It has been so annoying at White Hart Lane this past year or so, having to walk round walkways and under awnings and dodge fences and hoardings, losing all sense of direction. Millions of pounds were being poured into what appeared to be a hole in the ground. The new stadium will replace part of one end of the present one, which was built in 1898. It has been hard not to be unaware of what’s going on, continually asking ourselves, as we take our seats: did the earth move for you?

Now, at long last, you can see what will be there, when it emerges from the scaffolding in another year. Awesome, of course. And, har, har, it will hold more people than Arsenal’s new home by 1,000 (61,000, as opposed to the puny Emirates, with only 60,000). At each home game, I am thinking about the future, wondering how my treasures will fare: will they be happy there?

No, I don’t mean Harry Kane, Danny Rose and Kyle Walker – local as well as national treasures. Not many Prem teams these days can boast quite as many English persons in their ranks. I mean my treasures, stuff wot I have been collecting these past 50 years.

About ten years ago, I went to a shareholders’ meeting at White Hart Lane when the embryonic plans for the new stadium were being announced. I stood up when questions were called for and asked the chairman, Daniel Levy, about having a museum in the new stadium. I told him that Man United had made £1m the previous year from their museum. Surely Spurs should make room for one in the brave new mega-stadium – to show off our long and proud history, delight the fans and all those interested in football history and make a few bob.

He mumbled something – fluent enough, as he did go to Cambridge – but gave nothing away, like the PM caught at Prime Minister’s Questions with an unexpected question.

But now it is going to happen. The people who are designing the museum are coming from Manchester to look at my treasures. They asked for a list but I said, “No chance.” I must have 2,000 items of Spurs memorabilia. I could be dead by the time I finish listing them. They’ll have to see them, in the flesh, and then they’ll be free to take away whatever they might consider worth having in the new museum.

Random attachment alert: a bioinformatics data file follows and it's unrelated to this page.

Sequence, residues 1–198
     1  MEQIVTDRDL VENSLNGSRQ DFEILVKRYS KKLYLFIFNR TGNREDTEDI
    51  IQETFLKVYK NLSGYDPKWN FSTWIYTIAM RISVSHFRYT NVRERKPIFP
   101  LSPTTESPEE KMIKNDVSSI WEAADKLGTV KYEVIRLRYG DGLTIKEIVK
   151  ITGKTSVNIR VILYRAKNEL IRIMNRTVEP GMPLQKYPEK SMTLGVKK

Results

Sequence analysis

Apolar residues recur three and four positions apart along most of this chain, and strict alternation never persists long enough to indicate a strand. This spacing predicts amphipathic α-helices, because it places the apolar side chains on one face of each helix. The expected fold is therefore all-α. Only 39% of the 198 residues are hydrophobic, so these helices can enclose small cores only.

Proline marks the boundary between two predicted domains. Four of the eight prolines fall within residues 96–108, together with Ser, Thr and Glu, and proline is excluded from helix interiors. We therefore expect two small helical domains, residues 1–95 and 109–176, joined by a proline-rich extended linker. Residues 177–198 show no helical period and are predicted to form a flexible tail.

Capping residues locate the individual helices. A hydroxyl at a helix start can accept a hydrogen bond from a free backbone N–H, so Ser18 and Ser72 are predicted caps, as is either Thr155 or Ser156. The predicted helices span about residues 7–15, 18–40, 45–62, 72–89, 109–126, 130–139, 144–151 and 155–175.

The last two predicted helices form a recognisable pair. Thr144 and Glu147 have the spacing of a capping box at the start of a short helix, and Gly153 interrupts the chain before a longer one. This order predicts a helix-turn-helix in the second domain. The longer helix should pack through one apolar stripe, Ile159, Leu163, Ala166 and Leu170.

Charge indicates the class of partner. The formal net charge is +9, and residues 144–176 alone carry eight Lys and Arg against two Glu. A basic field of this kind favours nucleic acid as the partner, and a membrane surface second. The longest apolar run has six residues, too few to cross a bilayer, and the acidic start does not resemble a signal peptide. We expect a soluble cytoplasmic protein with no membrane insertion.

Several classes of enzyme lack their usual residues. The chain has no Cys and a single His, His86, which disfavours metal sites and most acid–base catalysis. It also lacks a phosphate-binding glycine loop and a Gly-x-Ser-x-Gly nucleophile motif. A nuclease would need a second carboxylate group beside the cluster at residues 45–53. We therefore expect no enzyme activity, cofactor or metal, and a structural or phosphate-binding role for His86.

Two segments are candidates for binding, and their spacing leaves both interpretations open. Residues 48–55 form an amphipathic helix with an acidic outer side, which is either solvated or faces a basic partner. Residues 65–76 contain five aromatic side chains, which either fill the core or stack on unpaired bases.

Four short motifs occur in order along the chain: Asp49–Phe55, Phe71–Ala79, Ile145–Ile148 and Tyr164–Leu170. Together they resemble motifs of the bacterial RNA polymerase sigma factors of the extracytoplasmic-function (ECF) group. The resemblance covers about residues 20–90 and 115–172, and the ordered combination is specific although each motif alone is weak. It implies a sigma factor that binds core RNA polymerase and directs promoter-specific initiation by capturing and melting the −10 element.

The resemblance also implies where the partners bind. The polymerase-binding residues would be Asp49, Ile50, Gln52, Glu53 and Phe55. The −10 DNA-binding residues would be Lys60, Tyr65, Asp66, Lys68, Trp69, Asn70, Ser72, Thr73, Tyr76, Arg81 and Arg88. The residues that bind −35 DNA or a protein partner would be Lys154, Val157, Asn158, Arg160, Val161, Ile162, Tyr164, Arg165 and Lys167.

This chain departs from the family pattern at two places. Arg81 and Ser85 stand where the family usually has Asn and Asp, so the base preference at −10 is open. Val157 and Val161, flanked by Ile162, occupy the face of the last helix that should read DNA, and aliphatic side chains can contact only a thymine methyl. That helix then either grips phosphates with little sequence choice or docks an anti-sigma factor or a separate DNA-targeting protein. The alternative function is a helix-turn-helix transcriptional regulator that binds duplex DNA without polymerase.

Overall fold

I’m awfully kind that way, partly because I have always looked on supporting Spurs as a form of charity. You don’t expect any reward. Nor could you expect a great deal of pleasure, these past few decades, and certainly not the other day at Liverpool when they were shite. But you do want to help them, poor things.

I have been downsizing since my wife died, and since we sold our Loweswater house, and I’m now clearing out some of my treasures. I’ve donated a very rare Wordsworth book to Dove Cottage, five letters from Beatrix Potter to the Armitt Library in Ambleside, and handwritten Beatles lyrics to the British Library. If Beckham and I don’t get a knighthood in the next honours list, I will be spitting.

My Spurs stuff includes programmes going back to 1910, plus recent stuff like the Opus book, that monster publication, about the size of a black cab. Limited editions cost £8,000 a copy in 2007. I got mine free, as I did the introduction and loaned them photographs. I will be glad to get rid of it. It’s blocking the light in my room.

Perhaps, depending on what they want, and they might take nothing, I will ask for a small pourboire in return. Two free tickets in the new stadium. For life. Or longer . . . 

Hunter Davies is a journalist, broadcaster and profilic author perhaps best known for writing about the Beatles. He is an ardent Tottenham fan and writes a regular column on football for the New Statesman.

This article first appeared in the 16 February 2017 issue of the New Statesman, The New Times